Of the great many essays, op-eds and thinkpieces in which the name David Foster Wallace is reverently invoked—and at this point, I expect, there are too many to read even if you dedicated your life to the task exclusively—the most reliably irritating are those which take the death of irony as their subject. These laborious tracts always proceed from the same spirit of false discovery, as if the author, having just struggled through a trade paperback of A Supposedly Fun Thing I’ll Never Do Again for the first time, had stumbled upon a trove of revelatory insight heretofore absent from contemporary discourse. I understand the impulse: Wallace is the sort of writer whose work encourages a kind of shared enthusiasm, a literary a rock star whose vigor and virtuosity impresses itself upon you indelibly. You can always spot a new DFW fan: check out the new found loquacity, the po-faced sense of wonder. Keep an eye out for footnotes.
This influence, however much you admire the source, has resulted in a lot of bad writing—in literature, certainly, but in cultural criticism especially. “E Unibus Pluram,” Wallace’s heady treatise against the deteriorating effects of television and irony on modern literature and one of his most widely cited pieces, was published in the Contemporary Review of Fiction exactly twenty years ago this summer, and yet two decades on it continues to be regarded by new readers as if its ideas were just now emerging for the first time, ready to galvanize the irony-dead masses and correct the course of popular culture as we know it. The essay’s final lines have proven to be an apparently inexhaustible source of hope and inspiration for those wearied to creative impotence by the posturing of modern art: “The new rebels might be artists willing to risk the yawn, the rolled eyes, the cool smile, the nudged ribs, the parody of gifted ironists . . .” I suppose we’re meant to read these words and be provoked and invigorated, stirred to some sentimental action. We’re meant to summarily ditch irony and throw away the TV. Go outside. Buy a Dave Eggers book.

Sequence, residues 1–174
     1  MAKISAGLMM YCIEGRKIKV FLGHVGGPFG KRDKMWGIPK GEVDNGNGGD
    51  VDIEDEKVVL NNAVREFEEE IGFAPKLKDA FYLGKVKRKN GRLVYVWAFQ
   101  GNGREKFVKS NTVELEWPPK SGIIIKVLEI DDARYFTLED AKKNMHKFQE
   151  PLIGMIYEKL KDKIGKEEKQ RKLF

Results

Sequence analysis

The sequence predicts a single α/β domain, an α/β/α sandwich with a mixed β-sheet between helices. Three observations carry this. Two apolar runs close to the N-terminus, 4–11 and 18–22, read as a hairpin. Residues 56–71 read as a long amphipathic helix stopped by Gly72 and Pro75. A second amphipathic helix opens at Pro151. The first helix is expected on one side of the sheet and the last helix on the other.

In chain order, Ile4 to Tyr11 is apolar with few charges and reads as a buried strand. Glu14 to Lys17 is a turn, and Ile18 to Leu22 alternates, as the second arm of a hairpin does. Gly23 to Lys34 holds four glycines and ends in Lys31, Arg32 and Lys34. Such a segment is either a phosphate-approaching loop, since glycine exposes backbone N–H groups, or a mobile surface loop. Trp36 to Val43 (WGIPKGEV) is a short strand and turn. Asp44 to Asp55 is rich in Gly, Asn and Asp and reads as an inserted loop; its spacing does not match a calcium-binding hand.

It probably comes as a bit of a surprise to these kinds of Wallace disciples that irony survives their impassioned monographs against it. Indeed, the stubborn thing has persisted despite a genuine movement worked up and rallied around in opposition—a buzzy thing they call ‘New Sincerity’, whose proponents pride themselves on adopting an earnest approach to television, film, and literature, rejecting the toxic influence of cynicism in favor of all things light and endearing. This lot fancies themselves the rebels imagined by Wallace in ’93, out there risking their reputations at the hands of the literary world’s yawning, winking masses, and as a whole they’ve done quite well for themselves. Such artists endeavor to return to a state of saccharine bliss, engaging the world with wide-eyed zeal.
This doesn’t strike me as an especially sophisticated response to the flatness or superficiality of ironic posturing—in fact it’s little more than one veneer of falseness substituted for the more dominant one, no more or less inherently substantive and certainly no closer to a kind of artistic authenticity. Well, given what’s been exalted under the terms set out by Wallace—as when Stanley Fish, writing in the New York Times, praised last year’s film adaptation of Les Miserables by framing it as an ideal Wallacian antidote to our over-ironized times, easily the low point of the movement—I’m not sure deference to Wallace is even a preferable alternative to shrugging everything off with a postmodern wink. If that’s what passes for rebellious and bold we ought to rethink the usefulness of the approach—after all, irony may be cynical, but at least it keeps us away from Russell Crowe singing.